Soils at Albany Proof Site
The Albany Proof Site at Wellstead had adequate soil fertility with average Colwell phosphorus levels of 17 mg/kg and potassium of 70 mg/kg (Table 1). Soils were acid with pH (CaCl2) ranging from 4.8-5.0. Lime is recommended at this soil pH.
Table 1. Albany Proof Site soil fertility
|pH (CaCl2)||Potassium (HCO3) mg/kg||Colwell phosphorus (HCO3) mg/kg||Sulphur (KCl) mg/kg|
The site is made up of two distinct soil groups. The green areas in Figure 1 refer to deep sands, with the remainder of the site characterised by duplex sandy gravel soils.
Duplex Sandy Gravel
The soil type is characterised as group 302 by the soil groups of Western Australia. Other common names include sandy gravel or gravely duplex. The soil can be described as ironstone gravel with a predominantly sandy matrix over a permeability contrast layer at 30-80 cm. The permeability contrast layer may be either a texture contrast or reticulite (mottled sandy loam to sandy clay loam).
- Yellow, brown or grey in top 30 cm
- Neutral to acid pH
- Over clay loam to clay or reticulite (mottled sandy loam to sandy clay loam) at 30-80 cm
- High gravel content (>20%, but often much higher) above the texture or contrast layer
- Native vegetation, especially proteaceous species, appears to have a role in the formation of these soils
Duplex sandy gravel covered the majority of the area at the Wellstead Proof site. Setaria and panic were the only species that weren’t planted on the duplex sandy gravel. Tall fescue roots were not able to penetrate beyond the shallow ‘A’ horizon which contributed to the high plant mortality that occurred during the drought of 2006 and 2007. In the autumn of 2007 annual species subterranean clover cv. Coolamon and annual ryegrass cv. Winterstar were planted in pots 1-4 as an alternative pasture for these soils.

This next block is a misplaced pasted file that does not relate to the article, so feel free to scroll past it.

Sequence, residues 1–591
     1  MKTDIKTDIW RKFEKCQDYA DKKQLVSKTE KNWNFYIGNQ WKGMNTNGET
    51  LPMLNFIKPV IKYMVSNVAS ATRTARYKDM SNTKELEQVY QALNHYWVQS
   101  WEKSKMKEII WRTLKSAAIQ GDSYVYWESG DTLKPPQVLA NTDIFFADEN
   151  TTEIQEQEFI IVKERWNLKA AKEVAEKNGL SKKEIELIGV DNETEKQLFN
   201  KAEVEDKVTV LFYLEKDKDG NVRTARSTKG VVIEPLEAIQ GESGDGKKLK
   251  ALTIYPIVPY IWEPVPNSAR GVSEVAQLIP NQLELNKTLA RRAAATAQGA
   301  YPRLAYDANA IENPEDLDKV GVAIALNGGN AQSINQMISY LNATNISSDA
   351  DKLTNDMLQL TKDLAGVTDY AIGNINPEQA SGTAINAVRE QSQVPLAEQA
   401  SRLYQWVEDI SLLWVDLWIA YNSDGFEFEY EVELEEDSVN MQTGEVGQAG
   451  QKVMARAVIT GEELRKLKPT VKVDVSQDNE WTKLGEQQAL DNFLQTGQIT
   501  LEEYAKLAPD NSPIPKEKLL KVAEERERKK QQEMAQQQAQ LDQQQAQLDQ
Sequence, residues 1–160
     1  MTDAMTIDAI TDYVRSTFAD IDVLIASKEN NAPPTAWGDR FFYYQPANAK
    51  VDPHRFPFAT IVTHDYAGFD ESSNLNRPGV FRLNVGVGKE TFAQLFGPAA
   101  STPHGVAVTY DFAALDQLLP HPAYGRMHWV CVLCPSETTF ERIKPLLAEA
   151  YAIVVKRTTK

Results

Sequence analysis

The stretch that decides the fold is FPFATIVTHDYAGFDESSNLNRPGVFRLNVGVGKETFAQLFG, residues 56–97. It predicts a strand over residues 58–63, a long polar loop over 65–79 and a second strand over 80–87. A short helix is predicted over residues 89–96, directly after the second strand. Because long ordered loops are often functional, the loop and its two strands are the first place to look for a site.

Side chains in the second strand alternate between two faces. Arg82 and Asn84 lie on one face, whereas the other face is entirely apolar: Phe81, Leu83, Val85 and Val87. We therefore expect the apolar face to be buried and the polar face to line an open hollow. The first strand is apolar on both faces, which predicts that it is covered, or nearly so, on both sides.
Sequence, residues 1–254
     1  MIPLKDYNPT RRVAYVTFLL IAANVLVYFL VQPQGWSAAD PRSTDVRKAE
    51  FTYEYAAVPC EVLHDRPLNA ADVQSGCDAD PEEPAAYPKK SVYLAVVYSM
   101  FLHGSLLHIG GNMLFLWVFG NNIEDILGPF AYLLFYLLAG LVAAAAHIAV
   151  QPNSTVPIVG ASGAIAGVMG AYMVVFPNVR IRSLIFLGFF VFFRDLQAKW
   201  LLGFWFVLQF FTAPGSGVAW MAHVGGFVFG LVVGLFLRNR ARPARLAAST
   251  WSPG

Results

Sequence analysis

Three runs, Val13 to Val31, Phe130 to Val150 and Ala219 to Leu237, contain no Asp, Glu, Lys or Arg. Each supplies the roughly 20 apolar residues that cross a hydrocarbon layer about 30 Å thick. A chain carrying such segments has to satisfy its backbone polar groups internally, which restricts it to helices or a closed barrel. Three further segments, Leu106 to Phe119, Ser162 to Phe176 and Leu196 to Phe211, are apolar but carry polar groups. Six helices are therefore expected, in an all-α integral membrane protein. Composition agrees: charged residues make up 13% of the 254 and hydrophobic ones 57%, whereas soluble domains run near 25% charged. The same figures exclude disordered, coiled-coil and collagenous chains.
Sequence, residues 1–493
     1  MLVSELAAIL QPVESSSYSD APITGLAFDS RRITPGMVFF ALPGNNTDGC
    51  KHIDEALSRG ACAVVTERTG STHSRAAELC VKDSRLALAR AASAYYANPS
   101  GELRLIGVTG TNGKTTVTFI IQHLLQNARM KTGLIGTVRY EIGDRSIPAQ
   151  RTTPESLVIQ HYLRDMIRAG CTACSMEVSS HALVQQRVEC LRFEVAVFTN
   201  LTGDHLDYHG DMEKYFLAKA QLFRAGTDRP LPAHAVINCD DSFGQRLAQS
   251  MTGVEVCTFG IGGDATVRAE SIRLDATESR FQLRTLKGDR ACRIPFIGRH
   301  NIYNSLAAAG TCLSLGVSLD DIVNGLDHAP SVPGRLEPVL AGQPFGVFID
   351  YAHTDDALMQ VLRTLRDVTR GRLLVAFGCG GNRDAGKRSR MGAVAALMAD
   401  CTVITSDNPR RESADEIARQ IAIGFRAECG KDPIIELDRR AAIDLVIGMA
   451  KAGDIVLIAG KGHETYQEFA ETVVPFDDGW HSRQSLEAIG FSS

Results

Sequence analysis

Lucerne failed to persist on this soil type possibly due to a lower than ideal soil pH (CaCl2) of 4.9 and an inability to develop a deep root system. Chicory performed best on the duplex sandy gravel due to the higher fertility and its capacity to penetrate the gravel B horizon with its feeder roots. The primary tap root didn’t go past the A horizon but it did enlarge to a size that allowed the plant to withstand dry conditions and rapidly produce new leaf following grazing.
Pale deep sand
Pale deep sand is more commonly named gutless sand, grey sandplain or silver loam. This soil type is characterised as group 444 by the soils groups of Western Australia. It can be described as deep sand (>80 cm) with white, grey or pale yellow topsoil.
- White, grey or pale yellow within top 30 cm
- Neutral to acid pH
- Ironstone gravel may be present
- Coffee rock, clay or ferricrete may occur at >80 cm
- A weak coffee rock layer may occur within 80 cm
- A coloured sand may be present at 30-80 cm
This soil type has the highest soil erosion risk (see Deep sandy soils picture in Picture Gallery below) but does allow deep rooted perennials, particularly kikuyu, to harvest moisture deep within the profile (see Deep sand picture). Both panic and setaria established well on this soil type. While low soil fertility did reduce pasture production and annual species density, the drought conditions did not have a negative effect on panic persistence. Kikuyu established well on the deep sand and performed similarly as it did on the duplex sandy gravel soils.